One great thing about the old Mac OS was that there were hardly any viruses to worry about—all of the nasties seemed to be written for Windows. But now that we're using Unix, which has been around for 30 years and has a huge user base, is it time to worry again?

Nope. There are even fewer viruses for Unix than for the Mac OS.

You still need to be careful with Word and Excel macro viruses, of course. If you open a Word or Excel attachment sent by email from someone else, and a big fat dialog box warns you that it contains macros, simply click Disable Macros and get on with your life.

Otherwise, you have little to worry about. After three years, not a single Mac OS X virus has emerged—partly because virus writers have a smaller "audience" in Mac fans, and partly because Mac OS X is more difficult to hack.

Sleep well.

Where to Get Troubleshooting Help

If the basic steps described in this chapter haven't helped, the universe is crawling with additional help sources.

Help Online

These Web sites contain nothing but troubleshooting discussions, tools, and help:

  • MacFixIt (www.macfixit.com). The world's one-stop resource for Mac troubleshooting advice.

  • Mac newsgroups (such as comp.sys.mac). A newsgroup is an Internet bulletin board, which you can access using a program like Microsoft Entourage or Unison (www.panic.com). If you're polite and concise, you can post questions to the multitudes here and get more replies to them than you'll know what to do with.
  • Apple's help site (www.apple.com/support). Apple's help Web site includes downloadable manuals, software updates, frequently asked questions, and many other resources.

  • It also has a Search box, which may look mild-mannered but is actually the mother of all troubleshooting resources: the Knowledge Base. This is the collection of 50,000 individual technical articles, organized in a searchable database, that the Apple technicians themselves consult when you call for help. You can search it either by typing in keywords or by using pop-up menus of question categories.


When some component is missing, your troubleshooting steps have failed, and Mac OS X continues to act up, consider reinstalling Mac OS X.

That's not a big deal at all. It involves inserting the Mac OS X DVD, restarting the Mac, pressing the C key as the computer starts up, and proceeding with the installer as described in Appendix A.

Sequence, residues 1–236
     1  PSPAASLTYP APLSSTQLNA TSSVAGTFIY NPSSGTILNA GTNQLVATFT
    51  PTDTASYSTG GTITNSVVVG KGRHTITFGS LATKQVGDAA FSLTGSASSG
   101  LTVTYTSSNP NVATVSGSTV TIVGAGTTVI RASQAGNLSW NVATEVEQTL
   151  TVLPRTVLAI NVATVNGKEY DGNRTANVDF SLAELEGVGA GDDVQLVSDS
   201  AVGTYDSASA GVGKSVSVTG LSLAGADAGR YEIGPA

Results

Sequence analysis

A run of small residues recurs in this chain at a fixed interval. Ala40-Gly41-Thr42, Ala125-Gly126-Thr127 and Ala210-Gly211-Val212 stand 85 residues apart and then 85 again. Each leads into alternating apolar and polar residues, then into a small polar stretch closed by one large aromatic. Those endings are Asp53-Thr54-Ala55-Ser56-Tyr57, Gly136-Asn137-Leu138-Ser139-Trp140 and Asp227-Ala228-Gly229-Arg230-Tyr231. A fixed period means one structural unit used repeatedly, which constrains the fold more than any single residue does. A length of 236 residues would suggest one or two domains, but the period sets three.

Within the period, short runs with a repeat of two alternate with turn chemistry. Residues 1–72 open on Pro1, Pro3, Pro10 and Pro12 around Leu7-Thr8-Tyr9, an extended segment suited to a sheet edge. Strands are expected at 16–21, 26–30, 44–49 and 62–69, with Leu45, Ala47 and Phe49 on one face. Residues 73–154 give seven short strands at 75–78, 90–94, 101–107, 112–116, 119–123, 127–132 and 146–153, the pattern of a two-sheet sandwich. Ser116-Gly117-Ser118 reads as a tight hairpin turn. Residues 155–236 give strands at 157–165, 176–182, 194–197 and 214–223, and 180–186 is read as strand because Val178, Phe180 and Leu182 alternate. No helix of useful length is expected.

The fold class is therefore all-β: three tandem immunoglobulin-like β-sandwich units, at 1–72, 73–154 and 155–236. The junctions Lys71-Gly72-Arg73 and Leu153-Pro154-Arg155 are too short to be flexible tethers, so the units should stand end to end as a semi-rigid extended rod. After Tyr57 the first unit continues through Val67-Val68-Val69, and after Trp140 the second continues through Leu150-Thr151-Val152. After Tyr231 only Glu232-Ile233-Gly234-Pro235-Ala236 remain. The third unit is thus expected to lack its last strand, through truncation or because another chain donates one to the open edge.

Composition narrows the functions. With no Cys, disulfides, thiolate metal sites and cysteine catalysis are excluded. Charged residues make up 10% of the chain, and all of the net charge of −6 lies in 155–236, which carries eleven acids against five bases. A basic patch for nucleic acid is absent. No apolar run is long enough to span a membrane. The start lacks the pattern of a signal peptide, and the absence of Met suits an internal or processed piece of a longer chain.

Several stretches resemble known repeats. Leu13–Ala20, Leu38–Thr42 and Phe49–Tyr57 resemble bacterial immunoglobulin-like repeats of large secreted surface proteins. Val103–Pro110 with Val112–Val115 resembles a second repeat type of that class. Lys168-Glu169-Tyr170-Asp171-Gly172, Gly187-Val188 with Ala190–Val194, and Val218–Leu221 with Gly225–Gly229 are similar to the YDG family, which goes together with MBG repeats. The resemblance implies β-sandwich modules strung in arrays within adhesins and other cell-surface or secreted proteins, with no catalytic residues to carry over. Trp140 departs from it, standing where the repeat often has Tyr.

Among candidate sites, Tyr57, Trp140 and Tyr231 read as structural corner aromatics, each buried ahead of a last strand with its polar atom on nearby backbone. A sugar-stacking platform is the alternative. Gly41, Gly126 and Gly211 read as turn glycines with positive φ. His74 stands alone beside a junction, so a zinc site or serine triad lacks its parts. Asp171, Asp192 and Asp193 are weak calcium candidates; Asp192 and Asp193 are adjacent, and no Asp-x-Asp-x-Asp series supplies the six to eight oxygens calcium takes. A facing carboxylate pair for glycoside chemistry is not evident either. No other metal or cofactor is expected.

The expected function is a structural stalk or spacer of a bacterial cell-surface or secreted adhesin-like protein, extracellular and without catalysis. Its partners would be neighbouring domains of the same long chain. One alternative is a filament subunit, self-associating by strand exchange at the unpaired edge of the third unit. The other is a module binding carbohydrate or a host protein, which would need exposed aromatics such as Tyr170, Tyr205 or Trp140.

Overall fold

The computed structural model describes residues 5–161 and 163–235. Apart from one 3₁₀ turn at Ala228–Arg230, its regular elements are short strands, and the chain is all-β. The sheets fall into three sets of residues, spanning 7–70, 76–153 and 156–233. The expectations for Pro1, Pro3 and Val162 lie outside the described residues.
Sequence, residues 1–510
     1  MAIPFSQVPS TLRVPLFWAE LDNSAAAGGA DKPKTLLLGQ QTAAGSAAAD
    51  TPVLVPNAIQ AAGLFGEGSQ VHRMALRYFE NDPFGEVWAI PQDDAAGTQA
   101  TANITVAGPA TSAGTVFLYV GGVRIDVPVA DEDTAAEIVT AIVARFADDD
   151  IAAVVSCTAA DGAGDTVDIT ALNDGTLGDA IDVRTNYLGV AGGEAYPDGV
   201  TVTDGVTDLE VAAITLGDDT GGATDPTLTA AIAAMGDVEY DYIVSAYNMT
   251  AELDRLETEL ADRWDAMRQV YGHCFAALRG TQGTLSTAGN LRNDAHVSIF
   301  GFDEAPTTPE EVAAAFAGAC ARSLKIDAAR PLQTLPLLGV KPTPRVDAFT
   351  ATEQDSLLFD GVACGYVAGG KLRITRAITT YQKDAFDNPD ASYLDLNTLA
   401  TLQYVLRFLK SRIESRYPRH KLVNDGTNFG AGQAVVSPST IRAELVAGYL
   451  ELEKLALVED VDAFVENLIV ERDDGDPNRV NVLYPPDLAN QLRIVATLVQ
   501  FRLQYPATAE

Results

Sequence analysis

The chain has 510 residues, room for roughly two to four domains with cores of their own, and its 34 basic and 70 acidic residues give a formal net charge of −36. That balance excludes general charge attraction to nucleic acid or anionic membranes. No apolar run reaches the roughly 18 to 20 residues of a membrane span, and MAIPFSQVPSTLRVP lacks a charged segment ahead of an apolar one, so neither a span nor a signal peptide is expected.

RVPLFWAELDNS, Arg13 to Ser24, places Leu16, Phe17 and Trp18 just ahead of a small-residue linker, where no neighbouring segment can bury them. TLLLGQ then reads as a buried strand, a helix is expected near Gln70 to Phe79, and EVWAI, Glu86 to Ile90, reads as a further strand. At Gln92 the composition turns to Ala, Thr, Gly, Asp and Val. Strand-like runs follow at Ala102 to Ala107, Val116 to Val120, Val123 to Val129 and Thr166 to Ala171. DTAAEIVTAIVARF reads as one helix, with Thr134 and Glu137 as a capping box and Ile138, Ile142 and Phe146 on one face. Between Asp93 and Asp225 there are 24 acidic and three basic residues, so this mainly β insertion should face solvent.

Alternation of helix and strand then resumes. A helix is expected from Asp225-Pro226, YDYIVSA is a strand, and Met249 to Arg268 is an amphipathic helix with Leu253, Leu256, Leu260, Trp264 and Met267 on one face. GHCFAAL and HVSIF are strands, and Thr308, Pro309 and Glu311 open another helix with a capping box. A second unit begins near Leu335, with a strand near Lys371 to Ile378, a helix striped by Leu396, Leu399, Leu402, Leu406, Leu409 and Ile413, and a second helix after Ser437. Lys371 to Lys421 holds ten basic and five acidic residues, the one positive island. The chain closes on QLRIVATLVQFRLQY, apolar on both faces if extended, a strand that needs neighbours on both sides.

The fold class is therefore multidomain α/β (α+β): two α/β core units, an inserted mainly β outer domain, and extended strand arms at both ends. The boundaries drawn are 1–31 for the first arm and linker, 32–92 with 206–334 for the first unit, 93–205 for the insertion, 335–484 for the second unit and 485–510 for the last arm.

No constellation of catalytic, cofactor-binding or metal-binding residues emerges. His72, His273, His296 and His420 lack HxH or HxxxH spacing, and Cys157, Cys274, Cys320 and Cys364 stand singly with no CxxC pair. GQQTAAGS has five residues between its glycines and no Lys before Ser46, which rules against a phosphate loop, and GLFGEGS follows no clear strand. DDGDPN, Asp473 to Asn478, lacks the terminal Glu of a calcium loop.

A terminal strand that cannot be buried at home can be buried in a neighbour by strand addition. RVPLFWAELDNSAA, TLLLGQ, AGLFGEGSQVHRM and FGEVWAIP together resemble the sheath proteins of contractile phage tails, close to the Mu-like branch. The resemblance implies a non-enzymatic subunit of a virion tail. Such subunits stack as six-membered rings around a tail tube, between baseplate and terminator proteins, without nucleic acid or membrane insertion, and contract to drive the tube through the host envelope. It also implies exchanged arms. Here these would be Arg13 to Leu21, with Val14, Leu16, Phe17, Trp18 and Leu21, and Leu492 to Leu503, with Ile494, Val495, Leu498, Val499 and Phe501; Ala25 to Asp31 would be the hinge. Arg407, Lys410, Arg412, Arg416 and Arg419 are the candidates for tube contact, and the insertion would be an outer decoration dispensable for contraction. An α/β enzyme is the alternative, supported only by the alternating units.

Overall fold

The good news is that the standard Mac OS X installation (as opposed to the radical "Erase and Install" option) doesn't touch your files, folders, or settings. It simply patches whatever holes have opened up in the Unix undercarriage of your operating system—which, every now and then, does you a world of good.

And what if you've updated your DVD's copy of Tiger with little updates—Mac OS X 10.4.1, 10.4.2, and so on?

In that case, you'll have to do a clean install (that is, an "Archive & Install" as described in Appendix A). It gives you a brand-new Mac OS X System folder, neatly retiring the previous one (and, in fact, renaming it Previous System Folder).

Yes, your new, virginal System folder isn't the latest version of Mac OS X. But that's OK—it's now safe to install all of the updaters you've run since your Mac OS X DVD was pressed. (If you were smart enough to save these updaters as described on Section 9.21.1, you won't even have to download them from the Web again.)

In no time (all right, in 35 minutes), you'll be right back where you were, this time without the glitches.

Help by Telephone

Finally, consider contacting whoever sold you the component that's making your life miserable: the printer company, scanner company, software company, or whatever.

If it's a Mac OS problem, you can call Apple at 800-275-2273 (that's 800-APL-CARE). For the first 90 days following your purchase of Mac OS X (which, as far as Apple knows, is the date of your first call), the technicians will answer your questions for free.

After that, unless you've paid for AppleCare for your Mac (a three-year extended warranty program), Apple will charge you to answer your questions. Fortunately, if the problem turns out to be Apple's fault, they won't charge you.